Pregnant Black and Hispanic Women are Significantly More Likely to Be Exposed to COVID-19, Study Finds

Pregnant Black and Hispanic women in Philadelphia are appreciably more likely to be exposed to SARS-CoV-2 (COVID-19) than Asian and white women, according to the findings of a new study published in the journal Science Immunology.

Researchers assessed almost 1,300 women who gave birth between April and June 2020 at Pennsylvania Hospital and the Hospital of the University of Pennsylvania. These hospitals represent 50% of live births in Philadelphia during that time. The researchers measured levels of COVID-19 antibodies to estimate rates of exposure to the virus in pregnant women cared for at both respective facilities.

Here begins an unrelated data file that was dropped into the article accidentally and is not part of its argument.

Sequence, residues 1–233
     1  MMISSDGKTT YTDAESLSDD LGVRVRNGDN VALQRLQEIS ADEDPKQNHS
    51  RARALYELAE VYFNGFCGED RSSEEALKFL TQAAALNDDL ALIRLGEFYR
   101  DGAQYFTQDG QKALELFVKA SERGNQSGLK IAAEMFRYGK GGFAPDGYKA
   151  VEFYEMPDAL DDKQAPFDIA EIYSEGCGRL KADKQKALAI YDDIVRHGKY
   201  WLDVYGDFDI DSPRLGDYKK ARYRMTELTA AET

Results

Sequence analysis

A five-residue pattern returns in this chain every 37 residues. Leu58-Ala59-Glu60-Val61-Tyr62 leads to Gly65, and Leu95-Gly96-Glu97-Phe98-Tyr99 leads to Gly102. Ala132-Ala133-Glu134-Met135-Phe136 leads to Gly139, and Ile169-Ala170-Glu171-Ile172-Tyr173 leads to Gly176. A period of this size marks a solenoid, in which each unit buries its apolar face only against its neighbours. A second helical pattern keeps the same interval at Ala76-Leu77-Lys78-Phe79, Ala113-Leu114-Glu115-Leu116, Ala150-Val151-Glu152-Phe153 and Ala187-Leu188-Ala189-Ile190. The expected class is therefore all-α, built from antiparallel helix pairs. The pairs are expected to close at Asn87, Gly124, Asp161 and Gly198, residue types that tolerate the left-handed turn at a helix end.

According to the results, 6.2% percent of these women possessed antibodies to the virus, but researchers observed significant disparities across racial and ethnic groups. They found antibodies in 9.7% of Black women, and 10.4% Hispanic/Latina women, juxtaposed to only 2% percent in White/Non-Hispanic women, and 0.9% percent in Asian women. The findings suggest that women of color are more vulnerable to COVID-19 exposure.


“Pregnant women are fairly representative of community exposure, and these data provide more evidence, on top of what we already know with COVID-19, that health and socio-economic equity are inextricably linked,” said Scott Hensley, PhD, an associate professor of Microbiology in the Perelman School of Medicine at the University of Pennsylvania via a press release about the study. “Hopefully, this will help lead to policies that address these inequities.”